10th Anniversary
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In the News...

Joey Deason Guest Commentary


It is Sunday evening and as I mentally
prepare myself for the upcoming week and
the challenges that lie ahead, the television
roulette lottery winner landed on the
Sunday night Red Sox vs. the Yankees primetime
game. As I watched the game, my
mind wondered between the game, work,
and specifically the Op-Ed piece due this
week. It has been stated many times that
baseball mirrors life in many aspects and I
would add that it mirrors economic development
as well.
There are many economic development
analogies between the economic development
profession and baseball. None is more
prevalent than “Small Ball vs. Long Ball”
and how communities approach economic
development. In baseball you can manufacture
runs by placing runners on base and
advancing them in a deliberate or methodical
way –defined as “Small Ball”, or you can
attempt to score runs by swinging for the
fence defined as “Long Ball”. Many communities
play for large projects with long
lasting effects and many communities play
for multiple smaller projects with a similar
cumulative long-lasting effects. Is one approach
better or more effective than the
other? It depends on the personality of your
community and your economic development
The “Long Ball” approach to economic
development certainly grabs more news
headlines. It is much flashier than the “Small
Ball” approach and could be compared to
a walk off grand slam in the bottom of the
9th. “Long Ball” brings large rewards in
the form of huge investment numbers and
job counts that places your community and
economic development in a spotlight, which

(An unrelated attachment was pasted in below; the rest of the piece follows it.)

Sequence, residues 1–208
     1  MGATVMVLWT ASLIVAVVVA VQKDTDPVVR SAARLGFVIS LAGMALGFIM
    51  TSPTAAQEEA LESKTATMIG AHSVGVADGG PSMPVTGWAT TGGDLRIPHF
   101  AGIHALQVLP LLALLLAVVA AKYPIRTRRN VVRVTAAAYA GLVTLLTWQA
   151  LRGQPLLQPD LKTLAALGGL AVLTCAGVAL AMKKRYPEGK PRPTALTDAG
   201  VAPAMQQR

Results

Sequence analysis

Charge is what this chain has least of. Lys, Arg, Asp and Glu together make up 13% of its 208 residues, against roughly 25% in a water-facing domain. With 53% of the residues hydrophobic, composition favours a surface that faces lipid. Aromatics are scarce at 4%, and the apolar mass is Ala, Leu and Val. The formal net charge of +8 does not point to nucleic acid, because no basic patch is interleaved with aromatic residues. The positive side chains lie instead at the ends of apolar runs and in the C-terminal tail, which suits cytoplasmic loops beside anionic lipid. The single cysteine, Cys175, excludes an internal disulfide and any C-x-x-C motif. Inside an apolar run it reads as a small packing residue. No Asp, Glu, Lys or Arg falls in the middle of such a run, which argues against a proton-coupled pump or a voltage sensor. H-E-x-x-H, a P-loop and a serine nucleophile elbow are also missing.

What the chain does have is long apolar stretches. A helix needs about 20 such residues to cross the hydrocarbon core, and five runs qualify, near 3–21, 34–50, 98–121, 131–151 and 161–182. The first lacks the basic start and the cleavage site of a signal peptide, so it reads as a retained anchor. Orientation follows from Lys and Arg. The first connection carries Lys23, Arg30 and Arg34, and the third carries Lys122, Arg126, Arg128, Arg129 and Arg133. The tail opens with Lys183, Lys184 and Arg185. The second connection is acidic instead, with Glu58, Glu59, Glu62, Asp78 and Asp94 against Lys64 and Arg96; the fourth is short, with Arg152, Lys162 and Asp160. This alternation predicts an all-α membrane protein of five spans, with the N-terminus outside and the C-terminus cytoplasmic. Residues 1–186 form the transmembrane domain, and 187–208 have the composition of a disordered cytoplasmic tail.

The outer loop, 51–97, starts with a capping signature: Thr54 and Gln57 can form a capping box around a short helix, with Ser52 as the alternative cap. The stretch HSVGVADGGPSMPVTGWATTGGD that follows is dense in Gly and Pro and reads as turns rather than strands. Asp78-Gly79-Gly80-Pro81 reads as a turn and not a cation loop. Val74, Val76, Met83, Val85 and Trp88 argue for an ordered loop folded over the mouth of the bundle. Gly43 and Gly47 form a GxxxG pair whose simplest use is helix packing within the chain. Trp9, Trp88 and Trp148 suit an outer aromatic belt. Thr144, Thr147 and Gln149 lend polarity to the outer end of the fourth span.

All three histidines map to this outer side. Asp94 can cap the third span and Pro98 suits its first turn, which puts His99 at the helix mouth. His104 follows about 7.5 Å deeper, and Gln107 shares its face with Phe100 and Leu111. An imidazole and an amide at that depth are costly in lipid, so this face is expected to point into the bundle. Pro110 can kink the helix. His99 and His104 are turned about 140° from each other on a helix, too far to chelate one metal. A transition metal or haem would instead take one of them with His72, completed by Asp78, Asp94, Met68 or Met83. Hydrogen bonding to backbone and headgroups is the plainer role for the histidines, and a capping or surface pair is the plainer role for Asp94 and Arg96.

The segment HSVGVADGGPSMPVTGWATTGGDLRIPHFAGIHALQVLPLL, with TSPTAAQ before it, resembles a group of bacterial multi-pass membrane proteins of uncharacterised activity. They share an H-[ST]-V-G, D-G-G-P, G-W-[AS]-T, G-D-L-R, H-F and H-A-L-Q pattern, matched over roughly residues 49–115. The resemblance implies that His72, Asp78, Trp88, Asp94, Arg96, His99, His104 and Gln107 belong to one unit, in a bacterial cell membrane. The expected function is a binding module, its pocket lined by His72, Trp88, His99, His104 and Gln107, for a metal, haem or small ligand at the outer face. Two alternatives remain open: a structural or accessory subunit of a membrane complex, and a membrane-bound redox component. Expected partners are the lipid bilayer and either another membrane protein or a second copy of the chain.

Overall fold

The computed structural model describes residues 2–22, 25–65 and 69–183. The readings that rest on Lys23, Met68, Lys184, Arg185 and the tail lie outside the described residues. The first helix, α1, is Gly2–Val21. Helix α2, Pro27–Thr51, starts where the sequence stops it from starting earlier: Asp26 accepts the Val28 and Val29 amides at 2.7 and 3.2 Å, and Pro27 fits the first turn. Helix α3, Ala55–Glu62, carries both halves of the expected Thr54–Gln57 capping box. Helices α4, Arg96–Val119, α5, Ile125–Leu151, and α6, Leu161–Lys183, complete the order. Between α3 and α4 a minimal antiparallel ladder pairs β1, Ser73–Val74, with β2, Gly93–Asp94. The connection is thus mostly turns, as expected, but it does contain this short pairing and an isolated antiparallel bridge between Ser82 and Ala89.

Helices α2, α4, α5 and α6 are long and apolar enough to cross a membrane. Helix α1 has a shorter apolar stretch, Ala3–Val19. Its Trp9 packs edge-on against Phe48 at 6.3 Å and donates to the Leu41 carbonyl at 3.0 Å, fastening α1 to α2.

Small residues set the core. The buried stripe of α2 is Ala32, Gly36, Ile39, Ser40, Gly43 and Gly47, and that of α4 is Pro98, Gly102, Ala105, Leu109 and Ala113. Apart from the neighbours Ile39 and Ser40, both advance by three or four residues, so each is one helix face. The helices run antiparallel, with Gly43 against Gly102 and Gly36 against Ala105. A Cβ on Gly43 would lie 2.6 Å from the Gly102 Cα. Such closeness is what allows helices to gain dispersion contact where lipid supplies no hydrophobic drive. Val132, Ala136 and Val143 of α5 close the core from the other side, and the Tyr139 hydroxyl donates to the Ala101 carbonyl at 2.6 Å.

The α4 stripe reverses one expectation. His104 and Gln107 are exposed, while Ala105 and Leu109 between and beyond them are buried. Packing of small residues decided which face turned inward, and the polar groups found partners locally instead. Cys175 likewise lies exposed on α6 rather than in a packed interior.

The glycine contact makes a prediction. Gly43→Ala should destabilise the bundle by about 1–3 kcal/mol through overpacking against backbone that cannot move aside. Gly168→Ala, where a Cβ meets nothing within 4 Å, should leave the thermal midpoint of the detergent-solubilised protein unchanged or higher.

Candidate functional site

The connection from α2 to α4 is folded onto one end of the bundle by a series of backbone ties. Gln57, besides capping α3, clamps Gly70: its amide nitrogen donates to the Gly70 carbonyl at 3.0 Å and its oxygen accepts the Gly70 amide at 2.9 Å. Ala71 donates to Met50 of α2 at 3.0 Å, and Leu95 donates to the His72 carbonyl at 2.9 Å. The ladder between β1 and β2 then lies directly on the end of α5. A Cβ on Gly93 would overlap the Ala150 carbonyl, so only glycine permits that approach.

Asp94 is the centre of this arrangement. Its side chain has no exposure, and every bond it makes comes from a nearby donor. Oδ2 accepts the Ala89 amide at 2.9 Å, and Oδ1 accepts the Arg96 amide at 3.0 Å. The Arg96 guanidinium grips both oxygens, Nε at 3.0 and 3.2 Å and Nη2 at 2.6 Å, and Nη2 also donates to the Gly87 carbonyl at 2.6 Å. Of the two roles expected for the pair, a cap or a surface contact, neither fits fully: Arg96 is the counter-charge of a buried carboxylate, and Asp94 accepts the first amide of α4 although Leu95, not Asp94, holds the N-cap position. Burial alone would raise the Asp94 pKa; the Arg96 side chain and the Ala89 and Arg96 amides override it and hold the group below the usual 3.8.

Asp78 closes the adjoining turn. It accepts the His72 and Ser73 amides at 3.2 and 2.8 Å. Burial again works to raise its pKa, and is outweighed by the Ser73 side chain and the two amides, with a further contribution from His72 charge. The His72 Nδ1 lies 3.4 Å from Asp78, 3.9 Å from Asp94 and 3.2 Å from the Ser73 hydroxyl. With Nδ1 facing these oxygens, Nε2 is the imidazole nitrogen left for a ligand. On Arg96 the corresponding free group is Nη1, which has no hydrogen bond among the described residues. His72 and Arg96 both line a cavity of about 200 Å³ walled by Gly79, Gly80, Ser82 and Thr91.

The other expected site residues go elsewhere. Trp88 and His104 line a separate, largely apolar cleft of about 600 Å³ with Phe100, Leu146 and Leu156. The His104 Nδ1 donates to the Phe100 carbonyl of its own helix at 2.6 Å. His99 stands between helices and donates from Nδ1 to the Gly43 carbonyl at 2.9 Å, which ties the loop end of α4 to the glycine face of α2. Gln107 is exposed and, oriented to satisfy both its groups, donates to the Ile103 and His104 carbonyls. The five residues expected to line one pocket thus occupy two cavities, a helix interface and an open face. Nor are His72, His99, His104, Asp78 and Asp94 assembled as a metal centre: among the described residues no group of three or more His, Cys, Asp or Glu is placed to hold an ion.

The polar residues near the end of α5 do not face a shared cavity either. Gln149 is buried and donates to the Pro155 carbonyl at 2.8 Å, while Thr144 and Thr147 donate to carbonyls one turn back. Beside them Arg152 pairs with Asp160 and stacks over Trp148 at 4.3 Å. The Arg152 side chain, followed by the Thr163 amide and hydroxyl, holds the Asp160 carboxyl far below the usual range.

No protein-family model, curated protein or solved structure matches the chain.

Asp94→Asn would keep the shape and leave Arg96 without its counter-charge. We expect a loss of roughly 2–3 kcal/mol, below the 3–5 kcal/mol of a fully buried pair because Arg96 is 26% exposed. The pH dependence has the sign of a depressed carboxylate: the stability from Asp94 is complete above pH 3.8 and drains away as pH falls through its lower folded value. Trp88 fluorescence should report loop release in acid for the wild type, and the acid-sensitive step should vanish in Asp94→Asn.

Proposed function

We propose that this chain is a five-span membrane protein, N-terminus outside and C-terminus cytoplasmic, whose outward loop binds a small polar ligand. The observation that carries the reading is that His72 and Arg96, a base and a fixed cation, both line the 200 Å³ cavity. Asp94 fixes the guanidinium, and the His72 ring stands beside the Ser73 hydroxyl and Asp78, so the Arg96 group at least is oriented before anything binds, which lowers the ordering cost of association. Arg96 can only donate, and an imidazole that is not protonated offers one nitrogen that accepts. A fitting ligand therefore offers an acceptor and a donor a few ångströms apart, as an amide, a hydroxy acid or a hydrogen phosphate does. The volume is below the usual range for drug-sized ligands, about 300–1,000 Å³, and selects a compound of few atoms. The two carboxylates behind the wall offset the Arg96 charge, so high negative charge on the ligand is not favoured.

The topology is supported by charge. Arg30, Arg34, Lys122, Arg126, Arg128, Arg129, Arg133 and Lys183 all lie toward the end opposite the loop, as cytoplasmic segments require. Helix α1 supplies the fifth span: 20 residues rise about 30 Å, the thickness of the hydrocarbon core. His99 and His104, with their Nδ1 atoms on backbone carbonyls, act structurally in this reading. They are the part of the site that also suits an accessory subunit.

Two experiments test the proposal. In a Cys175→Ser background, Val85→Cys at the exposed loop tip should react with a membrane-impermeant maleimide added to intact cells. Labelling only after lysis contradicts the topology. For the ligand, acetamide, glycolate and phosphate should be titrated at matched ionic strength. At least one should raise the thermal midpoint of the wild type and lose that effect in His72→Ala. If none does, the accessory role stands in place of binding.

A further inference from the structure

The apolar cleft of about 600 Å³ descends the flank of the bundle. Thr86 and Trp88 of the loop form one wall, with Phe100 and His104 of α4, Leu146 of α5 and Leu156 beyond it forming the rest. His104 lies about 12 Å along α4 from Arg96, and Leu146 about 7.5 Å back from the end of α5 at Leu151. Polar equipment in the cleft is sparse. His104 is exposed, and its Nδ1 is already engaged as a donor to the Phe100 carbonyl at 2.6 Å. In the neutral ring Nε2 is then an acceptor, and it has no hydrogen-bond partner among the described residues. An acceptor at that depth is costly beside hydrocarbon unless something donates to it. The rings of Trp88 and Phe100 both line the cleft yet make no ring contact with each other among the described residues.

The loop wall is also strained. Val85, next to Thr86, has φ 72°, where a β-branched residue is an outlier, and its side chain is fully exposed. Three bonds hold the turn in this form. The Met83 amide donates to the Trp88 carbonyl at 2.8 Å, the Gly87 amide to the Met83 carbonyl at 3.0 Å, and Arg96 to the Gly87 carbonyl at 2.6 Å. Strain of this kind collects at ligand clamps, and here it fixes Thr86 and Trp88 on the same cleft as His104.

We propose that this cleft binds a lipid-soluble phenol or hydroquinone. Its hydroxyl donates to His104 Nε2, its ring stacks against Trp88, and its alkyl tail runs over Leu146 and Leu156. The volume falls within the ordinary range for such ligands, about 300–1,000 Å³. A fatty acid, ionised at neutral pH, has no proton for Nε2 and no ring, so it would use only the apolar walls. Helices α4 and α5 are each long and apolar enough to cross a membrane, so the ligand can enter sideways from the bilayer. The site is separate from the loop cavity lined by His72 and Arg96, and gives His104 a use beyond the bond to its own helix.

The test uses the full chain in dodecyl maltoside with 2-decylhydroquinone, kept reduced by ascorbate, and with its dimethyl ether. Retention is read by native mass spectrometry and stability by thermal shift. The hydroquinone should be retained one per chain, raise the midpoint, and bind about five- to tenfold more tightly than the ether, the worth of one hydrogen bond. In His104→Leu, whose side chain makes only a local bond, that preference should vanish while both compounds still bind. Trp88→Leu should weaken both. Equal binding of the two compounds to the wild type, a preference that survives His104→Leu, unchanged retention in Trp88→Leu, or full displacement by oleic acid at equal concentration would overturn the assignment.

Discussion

can change your community forever. These
projects normally but not always demand
large capacities of water, sewer, gas, rail,
transportation, and electricity. Examples
of “Long Ball” successes here in the State of
Mississippi include Nissan, Toyota, Paccar,
Yokohama, and Continental most recently.
These are big wins that are incentivized by
the State and Locals using big money via the
Mississippi Legislature enacting the Major
Mississippi Economic Incentive Authority
The “Small Ball” approach to economic
development is typically much smaller in
scale and makes a community stronger by
having multiple wins over a much shorter
period of time. Examples include Fastenal
warehouse and distribution center, ACCO
Brand expansion, Peco Foods Inc., and
Vertex Aerospace headquarters expansion.
These wins can range in jobs and investments
from 25 to 250 jobs and $2.5 million
to $75 million investments. Staying with our
baseball analogy this is compared to hitting
bunts, singles, doubles, and a triple every
now and then. One of the most important
aspects, outside of the jobs and investment,
is the ability to diversify your community
with multiple independent industries that
may not be prone to the same economic
downturns should the economy hit a bump
in the road. “Small Ball’ it is team effort
with regards to incentives from the State
and locals, but the cost of the wins are at a
much smaller scale.
So how your community approaches economic
development is relevant to what your
community desires. Does your community
desire to win the big one or win multiple
smaller successes? There are advantages to
each approach and technically no disadvantages
to either as long as you are in the game.
If you are in the game then you have the
chance to stand at the plate and you have the
chance for a base hit or a grand slam! Both
approaches will make the community a better
place by creating jobs and investment for
those willing to suit up.
As for my approach for Madison County………
I want to hit for the cycle!


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